For almost half his life Mugabe has presided over a divided movement, but at 91 there is an increasingly mortal limit to his rule. Should the factional scrambles over Mugabe’s succession continue to escalate, they may one day threaten not only his own interests, but Zimbabwe’s stability too. Perhaps, as Mugabe looks forward to celebrating his 35th year in power, the best gift he could give a nation uncertain of its future is ensuring that Zanu-PF’s hive of elite conflict is contained within the political realm and does not infect the country’s wider population.
Tendai Marima is a freelance journalist and academic researcher. Follow her on Twitter @i_amten.
Whatever is happening in ZIMBABWE is exactly what was happening in our Country Kenya when the former president Daniel Arab MOI was about to leave Office.But its not good for the Country for ZIMBABWE will not get the right leader who is to lead the country.
It seems to me you went out of your way to find the most unpleasant picture of President Mugabe so that it would match your highly demeaning article.
Mr. Mugabe is not at all as you paint him and it is only your cognizant narrowness of looking at his world with your eyes that makes it appear that he and his revolution have failed. The Brits and their banking partners the USA & Israel have done everything possible to strangulate the Zimbabwean economy in a vain effort to ensure his ridicule and downfall. However, the USA and UK are not the only economic force in the world and fortunately China has stepped in to bolster the Zimbabwean economy.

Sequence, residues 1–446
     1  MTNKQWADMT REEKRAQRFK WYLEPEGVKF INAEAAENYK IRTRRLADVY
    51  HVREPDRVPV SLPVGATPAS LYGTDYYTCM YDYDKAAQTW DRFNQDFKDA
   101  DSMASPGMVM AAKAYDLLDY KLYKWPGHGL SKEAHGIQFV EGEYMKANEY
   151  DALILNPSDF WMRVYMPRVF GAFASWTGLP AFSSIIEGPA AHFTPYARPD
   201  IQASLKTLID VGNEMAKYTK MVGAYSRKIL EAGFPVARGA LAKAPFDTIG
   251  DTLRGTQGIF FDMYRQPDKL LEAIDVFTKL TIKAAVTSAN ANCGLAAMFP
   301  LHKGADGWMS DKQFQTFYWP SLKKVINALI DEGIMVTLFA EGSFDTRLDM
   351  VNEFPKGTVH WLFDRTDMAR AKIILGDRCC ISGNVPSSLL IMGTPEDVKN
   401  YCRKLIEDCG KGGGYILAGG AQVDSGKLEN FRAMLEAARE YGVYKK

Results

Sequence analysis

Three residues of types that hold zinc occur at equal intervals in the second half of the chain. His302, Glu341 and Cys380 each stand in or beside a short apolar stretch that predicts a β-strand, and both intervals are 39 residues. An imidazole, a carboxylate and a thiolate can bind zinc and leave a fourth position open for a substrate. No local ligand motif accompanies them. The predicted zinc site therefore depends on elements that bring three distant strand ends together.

Nice, concise summary of some main events. I had a problem with the language of Mugabe as ‘king’ or ‘lion’ – that is how he wants to be sen, but his performance has made a mockery of those noble ideas. Grace Mugabe is bad news, hope she gets ousted, I prefer Mujuru but in the end they are all sycophants and puppets with blood on their hands
Nelson Mandela, Julius Nyerere, tagged the teacher and Leopold Senghor will rather not belong in same league with the ageless metaphor of bad African leaders personified in Robert Mugabe
One need to ponder on why these disgraceful facade of a continent so blessed lasted this long to perpetuate entrenched impoverishment of their citizenry, despite the effort of Mo Ibrahim to dissuade them from planting themselves permanently on the life and psyche of the people they misled
The trio mentioned in the opening paragraph are classic cases of goodness of continent Africa, whilst Robert Mugabe with other self perpetrators are reminders of the biblical cursed race, they inspire no one and shall be confined to perpetual dark side of history
why do we give such a written epitome to one man who lived his life. mugabe and all old generations are about or to concentrate on survival.. but at his time.. he can eat but not so much time left… african aged, will also reduce their grace every other day…. but we can offer them the truth… ignorance of enjoying their aged life before they go to sleep… ofcourse african democracy is about if one can survive in africa with china influence.